Shift the Power. Free the Money. Lessons in Community-led Grantmaking

Shift the Power. Free the Money. is a 4-part series to understand and embrace community-led grantmaking.

Shift the Power. Free the Money. is a reflection on how to effectively shift power and center the voice and experience of Black people especially when a foundation is committed to place-based community support.   In this series, we will share our working definitions, how to get started and provide a spotlight on community-led grantmaking initiatives.

Part 4. Community-Led Grantmaking Spotlight: Stadium Neighborhoods Community Trust Fund

 In Part 1, Part 2, and Part 3, I shared the key characteristics of community-led grantmaking, critical elements to get started, and what it is really like in the middle of community-led grantmaking in traditional philanthropy. 

The Stadium Neighborhoods Community Trust (The Trust) is another example within the city government.

How It Started…

After the sale of the Atlanta Braves Turner Field, the community successfully advocated for $5 million of the sales proceeds to be invested back into the neighborhoods surrounding the stadium.  The City of Atlanta created The Trust Fund Committee in 2017 to oversee the $5 million fund to support community development, affordable housing and job training projects and activities that benefit the Atlanta neighborhoods of Mechanicsville, Peoplestown, Pittsburgh, Summerhill and portions of Grant Park.

CommunityBuild Ventures (CBV) was selected by The Trust Committee in June 2019 to support the committee and grant administration. At that time, the committee had not settled on a vision and mission for the fund.  They selected grantees individually from their respective communities but had not moved forward with announcing their selections.  The community was restless and angry with the lack of grants out in the community at that time.  

Based on our initial experience of the committee and current operations, we began with the following:

Ground Retreat

The committee was unable to reach consensus on how to move forward and how to identify and select grantees.  We decided to start with a retreat to accomplish the following:

  • – To create a vision for community grant opportunities that aligns with distribution of funds.
  • – To acknowledge the work that has been done and the best approach for funding moving forward.
  • – To build community among the committee.
  • – To develop a structured, equitable funding system and process that supports the needs of the community.

We grounded the retreat in Brave Space Building™.  This helped the committee to be themselves and to be vulnerable in the space.  Food, music and movement were integral features that grounded the space.  

At the close of the retreat, the committee defined their vision and mission: created shared language for the grant categories; reviewed a draft RFP; defined grant cycles; and, discussed their role in power building.

Community Listening Sessions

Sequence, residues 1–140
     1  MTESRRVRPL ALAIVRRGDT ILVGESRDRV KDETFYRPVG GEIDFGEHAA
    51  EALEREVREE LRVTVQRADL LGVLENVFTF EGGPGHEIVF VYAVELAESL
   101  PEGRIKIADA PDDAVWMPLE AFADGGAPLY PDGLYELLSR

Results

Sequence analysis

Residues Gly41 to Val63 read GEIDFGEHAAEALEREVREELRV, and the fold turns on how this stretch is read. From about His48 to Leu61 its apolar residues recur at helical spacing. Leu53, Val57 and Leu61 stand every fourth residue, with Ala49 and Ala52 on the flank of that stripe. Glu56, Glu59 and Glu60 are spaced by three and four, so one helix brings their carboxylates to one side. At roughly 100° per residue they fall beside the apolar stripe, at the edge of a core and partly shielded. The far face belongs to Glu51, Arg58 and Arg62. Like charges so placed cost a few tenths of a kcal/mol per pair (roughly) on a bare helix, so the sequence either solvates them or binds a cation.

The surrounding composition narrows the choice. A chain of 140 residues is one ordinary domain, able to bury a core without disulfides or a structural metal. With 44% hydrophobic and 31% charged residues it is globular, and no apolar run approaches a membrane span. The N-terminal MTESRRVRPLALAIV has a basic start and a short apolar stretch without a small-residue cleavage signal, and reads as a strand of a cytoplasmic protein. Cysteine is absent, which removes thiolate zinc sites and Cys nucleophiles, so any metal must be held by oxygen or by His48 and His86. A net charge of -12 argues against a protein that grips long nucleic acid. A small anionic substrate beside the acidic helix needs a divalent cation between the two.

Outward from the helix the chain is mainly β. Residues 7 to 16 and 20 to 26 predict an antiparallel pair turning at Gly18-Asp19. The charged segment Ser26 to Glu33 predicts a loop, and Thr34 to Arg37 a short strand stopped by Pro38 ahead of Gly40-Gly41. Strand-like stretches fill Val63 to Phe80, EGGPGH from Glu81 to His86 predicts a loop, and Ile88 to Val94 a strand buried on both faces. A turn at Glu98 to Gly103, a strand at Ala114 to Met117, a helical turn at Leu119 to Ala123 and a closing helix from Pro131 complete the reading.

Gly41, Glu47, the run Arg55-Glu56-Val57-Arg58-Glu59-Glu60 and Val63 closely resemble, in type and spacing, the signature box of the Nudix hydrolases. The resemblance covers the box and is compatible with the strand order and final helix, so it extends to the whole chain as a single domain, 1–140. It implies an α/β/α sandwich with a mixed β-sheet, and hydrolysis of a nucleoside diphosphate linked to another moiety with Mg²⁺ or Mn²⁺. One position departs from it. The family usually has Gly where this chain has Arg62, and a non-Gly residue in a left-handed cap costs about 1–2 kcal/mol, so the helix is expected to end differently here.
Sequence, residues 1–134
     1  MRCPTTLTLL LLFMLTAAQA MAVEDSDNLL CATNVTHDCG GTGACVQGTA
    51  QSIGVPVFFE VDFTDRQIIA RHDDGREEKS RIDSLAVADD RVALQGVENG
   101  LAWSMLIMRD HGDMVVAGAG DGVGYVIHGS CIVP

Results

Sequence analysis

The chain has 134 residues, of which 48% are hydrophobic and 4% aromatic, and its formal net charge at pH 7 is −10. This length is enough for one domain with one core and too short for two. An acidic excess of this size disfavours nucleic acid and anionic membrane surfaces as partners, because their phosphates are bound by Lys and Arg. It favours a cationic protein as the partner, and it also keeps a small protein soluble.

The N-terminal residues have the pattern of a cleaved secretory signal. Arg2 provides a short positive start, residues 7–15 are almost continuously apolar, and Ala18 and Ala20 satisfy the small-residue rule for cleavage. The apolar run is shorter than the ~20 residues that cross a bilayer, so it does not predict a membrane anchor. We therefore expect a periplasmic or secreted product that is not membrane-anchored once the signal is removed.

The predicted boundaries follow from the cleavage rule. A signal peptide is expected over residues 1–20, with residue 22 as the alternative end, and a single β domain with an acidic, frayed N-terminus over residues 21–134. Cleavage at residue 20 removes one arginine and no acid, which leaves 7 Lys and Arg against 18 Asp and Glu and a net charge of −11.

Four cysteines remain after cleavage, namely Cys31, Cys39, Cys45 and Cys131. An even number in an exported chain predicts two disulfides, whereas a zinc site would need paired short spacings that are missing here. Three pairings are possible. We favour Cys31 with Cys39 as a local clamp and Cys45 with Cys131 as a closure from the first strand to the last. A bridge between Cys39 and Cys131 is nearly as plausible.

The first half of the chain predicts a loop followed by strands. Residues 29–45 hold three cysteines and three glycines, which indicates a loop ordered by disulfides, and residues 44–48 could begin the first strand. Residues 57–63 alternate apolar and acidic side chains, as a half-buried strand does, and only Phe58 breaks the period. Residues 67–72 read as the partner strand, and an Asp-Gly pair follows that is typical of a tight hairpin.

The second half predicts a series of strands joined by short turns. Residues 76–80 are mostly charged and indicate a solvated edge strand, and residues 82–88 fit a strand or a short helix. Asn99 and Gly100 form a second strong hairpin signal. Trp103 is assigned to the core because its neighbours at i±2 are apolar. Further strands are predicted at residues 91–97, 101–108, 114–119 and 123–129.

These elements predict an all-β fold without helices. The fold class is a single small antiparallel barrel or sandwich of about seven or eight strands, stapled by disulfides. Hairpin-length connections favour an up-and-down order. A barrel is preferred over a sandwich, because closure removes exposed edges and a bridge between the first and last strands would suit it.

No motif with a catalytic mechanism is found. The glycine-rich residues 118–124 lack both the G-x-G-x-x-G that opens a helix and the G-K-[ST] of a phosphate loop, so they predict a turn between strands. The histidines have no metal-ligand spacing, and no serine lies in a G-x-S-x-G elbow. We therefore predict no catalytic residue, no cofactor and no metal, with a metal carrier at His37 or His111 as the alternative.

The committee was open to hear from the community to shape and support the fund.  CBV developed and facilitated two listening sessions to get community feedback on the RFP and to recruit community members to serve as community grant reviewers.

Grant Application and Review Process

With input and approval from the committee, CBV created a grant cycle that included a grant application, review process that included community members and grant technical assistance sessions for prospective applicants.  For the first competitive process 34 applications were received that totaled over $3.5 million dollars; 6 community grant reviewers; and 2 grant technical assistance sessions.

How Is It Going…

Since CBV support and facilitation of The Trust Committee, the fund has distributed close to $4.5 million dollars.  This also includes emergency COVID-19 funding in 2020.

The committee successfully transitioned after 2 committee chair changes when their term of service ended.  The committee is now winding down and working to create a comprehensive reflection on their efforts and impact in their community.

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We have been a witness to the ebbs and flow of community-led grantmaking.  It is a public learning endeavor for the grantmaker and the community that centers vulnerability, interpersonal grace and integrity.   

How ready is your organization to…

  • Center final grantmaking decisions from a Black community?   
  • – Listen and incorporate feedback from a Black community on your grantmaking process?  
  • Receive and incorporate the funding priorities from a Black community? 

You must interrogate your practices and policies on how closed or open they are to power sharing.   This will determine how ready you are to embark on this journey and what you may need to get ready. 

If you are ready to look inward; tell the truth about your grantmaking; and, find reconciliation, you may be ready to get started.

CommunityBuild Ventures’ community-led grantmaking work is made possible by the genius of our cooperative members, Neith Sankofa, Sheronde Glover, Trequita Overton, Kysha Cameron, and Natasha A. Harrison.  The lessons from community-led grantmaking are made possible by their expertise, commitment, intuition, passion, and love for Black people.